As for the performances in “The BFG”, I’ll admit I was a little reticent about Rylance playing the main character, when casting was first announced. No doubt he delivered some fine work in Spielberg’s “Bridge of Spies” last year, which earned the English actor an Oscar for Best Supporting Actor, but I was already getting a sick of his newfound exposure. I was remiss to feel anything but anticipation toward his role because the end result of his motion-capture work here is quite sublime with the animators matching his facial expressions in a seamless manner yet resembling the big-eared and long-necked character designs from English illustrator Quentin Blake.
BFG is a goofy character with a unique language, he calls televisions “telly-telly bunkum box” (which I thought would prove problematic for audiences to follow, but I quite enjoyed it) and has a certain naivety about him, but he’s still intuitive to the ways of the heart. He’s a kind soul in an intimidating large body – at least to “human beans”, as he call us. His characterization is purposefully childlike, giving young viewers someone else to connect with besides young Sophie (as played expectedly wide-eyed and precocious by newcomer Barnhill), especially those kids who feel awkward in their own shoes.
Unfortunately the other giants aren’t given enough screen time to offer as much of a threat as they present in Dahl’s book. Because of this we miss out on the specific personalities and dispositions of these and simple see them as one track-minded baddies, making them a one-dimensional part of the story. The third act of “The BFG” emphasizes the silliness factor as the story heads back to the UK, which is when we meet Wilton’s wonderfully straight-faced Queen and her cohorts portrayed by the likes of Rebecca Hall and Rafe Spall. This is also the point in time when a fart gag is played out for all characters to partake in – it’s hilarious and the kind of humor we’ve come to expect from Dahl, yet it’s a hoot to see Spielberg loosening up and going along with it.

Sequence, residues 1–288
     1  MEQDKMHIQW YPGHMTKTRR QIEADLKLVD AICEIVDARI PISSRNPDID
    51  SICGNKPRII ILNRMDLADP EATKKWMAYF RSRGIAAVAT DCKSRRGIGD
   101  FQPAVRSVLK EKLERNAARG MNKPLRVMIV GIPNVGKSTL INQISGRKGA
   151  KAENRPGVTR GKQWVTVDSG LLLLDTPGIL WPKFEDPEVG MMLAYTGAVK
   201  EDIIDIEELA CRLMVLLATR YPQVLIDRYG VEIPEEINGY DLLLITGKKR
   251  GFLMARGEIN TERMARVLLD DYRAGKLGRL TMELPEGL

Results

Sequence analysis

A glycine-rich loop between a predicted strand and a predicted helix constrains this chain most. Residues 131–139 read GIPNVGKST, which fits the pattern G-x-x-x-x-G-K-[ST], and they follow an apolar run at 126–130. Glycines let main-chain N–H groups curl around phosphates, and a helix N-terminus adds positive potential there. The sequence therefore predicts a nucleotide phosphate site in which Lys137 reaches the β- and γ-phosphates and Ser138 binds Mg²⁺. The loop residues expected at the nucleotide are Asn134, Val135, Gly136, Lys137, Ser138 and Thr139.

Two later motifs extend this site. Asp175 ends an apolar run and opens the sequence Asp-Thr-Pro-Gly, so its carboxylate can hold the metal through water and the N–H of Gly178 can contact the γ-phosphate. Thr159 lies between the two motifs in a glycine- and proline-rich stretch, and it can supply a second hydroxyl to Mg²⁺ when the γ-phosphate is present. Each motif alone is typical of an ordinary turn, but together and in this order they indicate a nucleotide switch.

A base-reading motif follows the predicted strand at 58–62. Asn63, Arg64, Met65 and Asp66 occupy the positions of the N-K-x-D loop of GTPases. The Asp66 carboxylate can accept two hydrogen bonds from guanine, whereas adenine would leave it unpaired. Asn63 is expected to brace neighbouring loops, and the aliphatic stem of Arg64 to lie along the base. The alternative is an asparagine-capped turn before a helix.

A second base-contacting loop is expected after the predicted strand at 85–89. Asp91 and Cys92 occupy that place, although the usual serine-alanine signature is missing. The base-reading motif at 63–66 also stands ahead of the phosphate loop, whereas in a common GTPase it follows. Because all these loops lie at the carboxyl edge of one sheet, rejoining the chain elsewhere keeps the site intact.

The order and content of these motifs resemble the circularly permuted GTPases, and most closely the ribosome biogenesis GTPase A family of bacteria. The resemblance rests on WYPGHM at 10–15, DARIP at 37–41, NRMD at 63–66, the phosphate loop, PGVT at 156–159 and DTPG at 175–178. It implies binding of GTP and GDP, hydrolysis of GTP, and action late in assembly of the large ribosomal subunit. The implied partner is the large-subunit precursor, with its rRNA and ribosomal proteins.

The screenplay by the late Melissa Mathieson (no stranger to family fare having written two classics, “The Black Stallion” and “E.T.”) loosely follows Dahl’s book, “The BFG” focuses more on a charming tone and detailed world-building than it spends on plot details of this simple tale. Some may complain that the story’s pace is a little slow, spending so much time establishing the friendship between Sophie and BFG, but that aspect of the movie interested me the most – spending time with these two who are fascinated, curious and eventually accepting of each other. Again, there are real-life parallels here that may seem a little too obvious (as there were in “Zootopia” earlier this year), but if viewers are willing to slow down and allow themselves to be won over by the characters here.
Both Tim Burton (“Charlie and the Chocolate Factory”) and Wes Anderson (“Fantastic Mr. Fox“) tried their hand at directing the works Dahl – so why would moviegoers and critics have a hard time with Spielberg’s “The BFG”? I ask because there have already complaints about the movie wasn’t received very well a couple of months back at Cannes and is currently failing big at the box office during its opening weekend. Clearly some people have never read the book, won’t go in blindly to just any Disney movie and have not head of Spielberg. Like last fall’s “The Good Dinosaur“, this is a movie that’s slow and kind – something that audiences just shrug their shoulders at and move on. That’s too bad.
A note on the 3D of “The BFG” – it’s not a must but considering the size difference between the characters here, what is done with the depths of field, especially in confined spaces, is actually kind of cool.